Oceans hotter and more acidic as sea levels rise, greenhouse gases rise


The world’s oceans grew to their warmest and most acidic levels ever recorded in 2021, as melting ice sheets helped push sea levels to new heights, the World Meteorological Organization (WMO) says.

Oceans saw the most notable extremes as the WMO outlined the turmoil caused by climate change in its annual State of the Global Climate report, released on Wednesday.

“Our climate is changing before our very eyes. The heat trapped by man-made greenhouse gases will warm the planet for many generations,” WMO Secretary-General Petteri Taalas said.

The WMO report follows the latest United Nations climate analysis, which warned that humanity must drastically reduce its greenhouse gas emissions, or the world’s climate must become increasingly catastrophic.Oceans hotter and more acidic as sea levels rise, greenhouse gases rise

#Climate change affects everyone, and everything on the planet Greenhouse gas levels, ocean heat, and acidification, sea level rise at record levels in 2021We can still limit the damage#ClimateActionNow for the sake of future generations#StateofClimatehttps://t.co/IRebfExc6e pic .twitter.com/RHGmKJhNXM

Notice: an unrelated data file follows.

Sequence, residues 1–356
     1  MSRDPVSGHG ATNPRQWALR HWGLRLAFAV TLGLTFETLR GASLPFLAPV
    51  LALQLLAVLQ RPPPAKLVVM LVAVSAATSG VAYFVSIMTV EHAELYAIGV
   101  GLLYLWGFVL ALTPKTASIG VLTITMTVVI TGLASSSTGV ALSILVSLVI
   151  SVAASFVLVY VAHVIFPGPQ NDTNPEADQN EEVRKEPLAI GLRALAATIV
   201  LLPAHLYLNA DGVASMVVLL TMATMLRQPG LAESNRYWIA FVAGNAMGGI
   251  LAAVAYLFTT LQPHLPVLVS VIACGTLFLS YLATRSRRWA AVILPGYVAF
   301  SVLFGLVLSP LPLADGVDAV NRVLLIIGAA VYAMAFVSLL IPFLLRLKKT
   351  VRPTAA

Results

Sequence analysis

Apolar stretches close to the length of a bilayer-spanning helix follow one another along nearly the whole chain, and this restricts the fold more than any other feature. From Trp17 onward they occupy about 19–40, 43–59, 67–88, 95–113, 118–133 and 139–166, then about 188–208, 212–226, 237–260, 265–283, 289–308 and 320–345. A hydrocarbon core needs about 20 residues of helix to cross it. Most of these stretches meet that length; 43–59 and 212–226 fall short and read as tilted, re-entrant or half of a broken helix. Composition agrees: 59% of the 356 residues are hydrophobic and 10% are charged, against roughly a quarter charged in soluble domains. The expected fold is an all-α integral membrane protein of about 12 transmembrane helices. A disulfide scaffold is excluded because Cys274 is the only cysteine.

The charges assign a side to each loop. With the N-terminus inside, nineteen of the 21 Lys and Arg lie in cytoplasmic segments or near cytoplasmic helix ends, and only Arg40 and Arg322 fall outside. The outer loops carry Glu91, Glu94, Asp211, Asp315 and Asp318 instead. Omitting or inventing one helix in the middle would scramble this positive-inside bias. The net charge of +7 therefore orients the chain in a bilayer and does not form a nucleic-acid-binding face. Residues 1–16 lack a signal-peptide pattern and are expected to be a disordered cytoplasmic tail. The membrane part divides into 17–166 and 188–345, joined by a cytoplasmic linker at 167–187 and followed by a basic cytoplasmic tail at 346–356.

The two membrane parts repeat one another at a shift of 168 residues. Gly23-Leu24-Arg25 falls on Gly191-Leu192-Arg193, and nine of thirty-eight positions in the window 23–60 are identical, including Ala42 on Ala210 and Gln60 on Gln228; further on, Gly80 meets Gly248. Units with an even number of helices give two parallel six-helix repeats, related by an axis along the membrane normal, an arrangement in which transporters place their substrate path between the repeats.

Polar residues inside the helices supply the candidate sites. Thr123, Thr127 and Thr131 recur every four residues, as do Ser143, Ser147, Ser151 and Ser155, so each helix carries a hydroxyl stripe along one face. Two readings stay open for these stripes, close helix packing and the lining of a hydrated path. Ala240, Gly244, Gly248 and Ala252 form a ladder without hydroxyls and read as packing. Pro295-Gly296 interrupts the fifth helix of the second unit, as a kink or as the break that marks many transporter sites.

— World Meteorological Organization (@WMO) May 18, 2022

The WMO said that levels of climate-warming carbon dioxide and methane in the atmosphere in 2021 surpassed previous records.

Global average temperatures last year were 1.11 degrees Celsius above the pre-industrial average, as the world moves closer to the 1.5 degrees threshold above which warming effects are expected to become drastic.

Last year’s temperatures were somewhat subdued compared to 2020 due to the cooling effects of La Nina in the Pacific, although the year still ranked in the top seven warmest years on record.

“It is only a matter of time before we see another warmest year on record,” Mr. Taalas said.

Benchmark monitoring station Mauna Loa just reported a RECORD weekly average of 421.13 parts per million atmospheric CO2, per @CO2_earth and @NOAA Greenhouse gases are a key #climate change indicator in WMO #StateofClimate report to be released tomorrow.📈 🌍 https://t .co/885ISninm0 pic.twitter.com/vWdRsEisEE

— World Meteorological Organization (@WMO) May 17, 2022

Oceans contribute much to warming and emissions.

The bodies of water absorb about 90 percent of Earth’s accumulated heat and 23 percent of carbon dioxide emissions from human activity.

The report said the ocean has warmed significantly faster over the past 20 years, reaching a record high in 2021, and is expected to warm even more.

That change would likely take centuries or millennia to undo, it noted.

The ocean is also now the most acidic in at least 26,000 years, as it absorbs and reacts with more carbon dioxide in the atmosphere.

Sea levels have risen 4.5 centimeters in the past decade, with the annual increase from 2013 to 2021 is more than double that of 1993 to 2002.

The WMO also listed individual extreme heat waves, wildfires, floods, and other climate-related disasters around the world, noting reports of more than $100 billion ($142 billion) in damage.

The continental United States experienced its hottest summer, with hundreds of recorded heat-related deaths.

The Dixie fire burned 3,900 square miles, making it the largest wildfire ever in California.


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